I may be dull, but at least I’m sensitive: The National Research Council discovers better sensor performance with duller resonance

News release

June 20, 2018 — Ottawa, ON — National Research Council of Canada

The latest discovery to come out of the National Research Council’s Nanotechnology Research Centre is completely changing the way scientists have thought over the last half-century about how sensors work, and holds significant potential for health and safety, manufacturing, and national defence.

Dr. Wayne Hiebert, a research officer at the National Research Council and adjunct professor of the University of Alberta and his team discovered that duller resonances can actually increase sensor performance. Simply put, if the bulls-eye on an archery target represents a resonance’s sharpness, dulling the resonance would make the bulls-eye larger, and allow the arrow to fly straighter towards it.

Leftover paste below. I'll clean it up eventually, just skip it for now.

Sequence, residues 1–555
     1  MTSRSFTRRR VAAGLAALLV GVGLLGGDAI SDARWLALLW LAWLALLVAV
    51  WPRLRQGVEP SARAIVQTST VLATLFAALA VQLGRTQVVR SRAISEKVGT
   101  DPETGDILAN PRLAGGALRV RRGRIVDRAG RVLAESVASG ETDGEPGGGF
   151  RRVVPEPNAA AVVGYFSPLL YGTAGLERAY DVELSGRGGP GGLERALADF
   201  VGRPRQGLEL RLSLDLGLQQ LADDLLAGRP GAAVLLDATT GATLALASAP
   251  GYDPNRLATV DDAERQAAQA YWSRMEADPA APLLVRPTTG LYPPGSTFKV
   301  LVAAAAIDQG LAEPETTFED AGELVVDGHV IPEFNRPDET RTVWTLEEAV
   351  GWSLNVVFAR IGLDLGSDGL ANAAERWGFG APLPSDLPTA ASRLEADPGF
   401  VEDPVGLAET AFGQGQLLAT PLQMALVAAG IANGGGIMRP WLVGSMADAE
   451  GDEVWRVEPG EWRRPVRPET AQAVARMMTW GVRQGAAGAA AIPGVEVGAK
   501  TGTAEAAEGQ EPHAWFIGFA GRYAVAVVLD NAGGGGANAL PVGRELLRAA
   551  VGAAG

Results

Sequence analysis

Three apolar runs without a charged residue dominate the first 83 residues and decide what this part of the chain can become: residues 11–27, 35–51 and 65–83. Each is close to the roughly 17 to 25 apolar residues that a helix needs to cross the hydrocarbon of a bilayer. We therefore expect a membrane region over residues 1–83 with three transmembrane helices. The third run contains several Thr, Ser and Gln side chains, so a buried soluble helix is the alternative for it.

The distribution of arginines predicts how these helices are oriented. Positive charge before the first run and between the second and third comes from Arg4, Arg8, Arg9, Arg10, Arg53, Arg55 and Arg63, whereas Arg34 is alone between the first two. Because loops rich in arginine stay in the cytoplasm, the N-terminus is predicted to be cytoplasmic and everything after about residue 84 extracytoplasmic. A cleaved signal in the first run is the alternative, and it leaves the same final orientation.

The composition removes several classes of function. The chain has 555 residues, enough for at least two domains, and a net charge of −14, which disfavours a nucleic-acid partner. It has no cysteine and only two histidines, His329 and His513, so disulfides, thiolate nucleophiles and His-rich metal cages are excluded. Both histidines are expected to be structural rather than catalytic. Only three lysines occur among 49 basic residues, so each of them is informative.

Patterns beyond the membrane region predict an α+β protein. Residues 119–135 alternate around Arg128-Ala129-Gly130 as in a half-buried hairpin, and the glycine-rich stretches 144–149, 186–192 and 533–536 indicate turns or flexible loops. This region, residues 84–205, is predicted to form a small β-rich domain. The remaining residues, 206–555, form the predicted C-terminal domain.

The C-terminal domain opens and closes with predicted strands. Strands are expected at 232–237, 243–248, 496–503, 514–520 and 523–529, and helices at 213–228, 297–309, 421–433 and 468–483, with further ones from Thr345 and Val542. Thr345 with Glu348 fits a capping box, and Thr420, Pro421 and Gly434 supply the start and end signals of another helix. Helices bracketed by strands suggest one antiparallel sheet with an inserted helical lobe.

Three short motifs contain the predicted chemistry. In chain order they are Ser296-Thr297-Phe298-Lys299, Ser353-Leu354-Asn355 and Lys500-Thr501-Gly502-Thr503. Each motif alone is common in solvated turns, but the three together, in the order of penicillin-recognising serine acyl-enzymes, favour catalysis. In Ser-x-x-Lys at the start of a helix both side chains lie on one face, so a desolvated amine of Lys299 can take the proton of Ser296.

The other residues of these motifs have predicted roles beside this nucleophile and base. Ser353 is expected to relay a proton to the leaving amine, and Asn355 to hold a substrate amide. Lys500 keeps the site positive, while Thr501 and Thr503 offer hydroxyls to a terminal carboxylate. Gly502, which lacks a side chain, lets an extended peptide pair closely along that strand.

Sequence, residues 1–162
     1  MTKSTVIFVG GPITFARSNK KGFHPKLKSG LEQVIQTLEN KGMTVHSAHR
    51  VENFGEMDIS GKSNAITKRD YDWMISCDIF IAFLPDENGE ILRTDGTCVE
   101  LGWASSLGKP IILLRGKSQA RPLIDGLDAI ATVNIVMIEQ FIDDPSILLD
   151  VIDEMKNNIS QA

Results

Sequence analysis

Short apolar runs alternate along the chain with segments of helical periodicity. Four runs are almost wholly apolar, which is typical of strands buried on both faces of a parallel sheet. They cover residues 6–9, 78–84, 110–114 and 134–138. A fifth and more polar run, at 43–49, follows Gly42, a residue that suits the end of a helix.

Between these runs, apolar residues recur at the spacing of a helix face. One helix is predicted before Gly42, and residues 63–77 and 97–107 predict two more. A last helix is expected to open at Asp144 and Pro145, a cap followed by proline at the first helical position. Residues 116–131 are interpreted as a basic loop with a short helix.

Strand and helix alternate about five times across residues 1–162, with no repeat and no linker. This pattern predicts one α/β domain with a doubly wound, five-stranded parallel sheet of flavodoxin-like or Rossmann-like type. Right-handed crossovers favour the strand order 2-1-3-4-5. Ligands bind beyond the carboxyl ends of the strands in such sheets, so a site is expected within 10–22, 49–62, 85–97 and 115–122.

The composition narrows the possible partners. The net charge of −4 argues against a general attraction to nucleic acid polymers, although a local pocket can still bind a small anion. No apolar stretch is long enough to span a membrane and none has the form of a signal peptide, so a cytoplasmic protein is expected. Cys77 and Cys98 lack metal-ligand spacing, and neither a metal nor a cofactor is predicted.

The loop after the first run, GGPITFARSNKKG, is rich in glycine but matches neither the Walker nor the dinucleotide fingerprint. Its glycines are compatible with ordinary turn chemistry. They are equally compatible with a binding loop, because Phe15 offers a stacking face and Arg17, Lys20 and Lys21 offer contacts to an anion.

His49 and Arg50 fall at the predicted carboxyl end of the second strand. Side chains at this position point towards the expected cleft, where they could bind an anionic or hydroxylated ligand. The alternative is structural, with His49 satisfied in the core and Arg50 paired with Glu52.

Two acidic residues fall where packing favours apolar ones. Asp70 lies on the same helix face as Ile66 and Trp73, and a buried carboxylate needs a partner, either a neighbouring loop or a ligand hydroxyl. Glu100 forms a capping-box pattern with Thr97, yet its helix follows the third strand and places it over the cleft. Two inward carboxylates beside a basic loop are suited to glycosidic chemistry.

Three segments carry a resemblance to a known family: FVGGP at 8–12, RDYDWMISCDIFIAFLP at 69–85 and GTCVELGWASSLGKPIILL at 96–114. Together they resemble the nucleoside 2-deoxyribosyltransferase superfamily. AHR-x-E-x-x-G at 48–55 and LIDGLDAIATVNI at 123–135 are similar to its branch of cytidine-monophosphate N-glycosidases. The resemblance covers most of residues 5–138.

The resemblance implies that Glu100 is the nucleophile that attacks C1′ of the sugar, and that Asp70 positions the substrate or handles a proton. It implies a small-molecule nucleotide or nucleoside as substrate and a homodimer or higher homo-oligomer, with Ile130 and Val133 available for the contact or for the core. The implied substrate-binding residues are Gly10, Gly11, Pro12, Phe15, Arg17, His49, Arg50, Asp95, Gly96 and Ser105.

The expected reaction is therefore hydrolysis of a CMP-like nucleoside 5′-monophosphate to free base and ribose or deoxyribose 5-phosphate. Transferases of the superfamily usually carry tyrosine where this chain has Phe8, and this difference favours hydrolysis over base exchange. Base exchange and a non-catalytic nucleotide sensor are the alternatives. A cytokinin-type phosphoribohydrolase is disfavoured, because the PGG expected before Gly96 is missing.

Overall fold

This discovery is also important in the context of nanomechanical sensors, which can detect pathogens or chemicals quickly and with exceptional precision, without relying on large lab equipment.


“People normally think of a direct trade-off between sensitivity and bandwidth; if you increase one, it is at the expense of the other. Increasing the damping on purpose negates this trade-off. In this regime, you can double bandwidth, as long as you have also doubled the damping, and keep the same sensitivity level.” 

Dr. Wayne Hiebert
Research Officer, National Research Council of Canada

“Preliminary results were presented at the NM14 conference in Hawaii and at the Frontiers of Nanomechanical Sensors conference in Italy, where attendees were both intrigued and excited by the finding. The National Research Council envisions advanced applications through various partnerships stemming from this discovery.”

Geneviève Tanguay
Vice-President of Emerging Technologies, National Research Council of Canada

Quick facts

  • The National Research Council’s Nanotechnology Research Centre was founded in 2017, and collaborates closely with the University of Alberta on joint research and development projects.

  • Other discoveries from the National Research Council’s Nanotechnology Research Centre include a nano guitar distortion pedal, a microscope project with Hitachi, and a single-atom computer chip.

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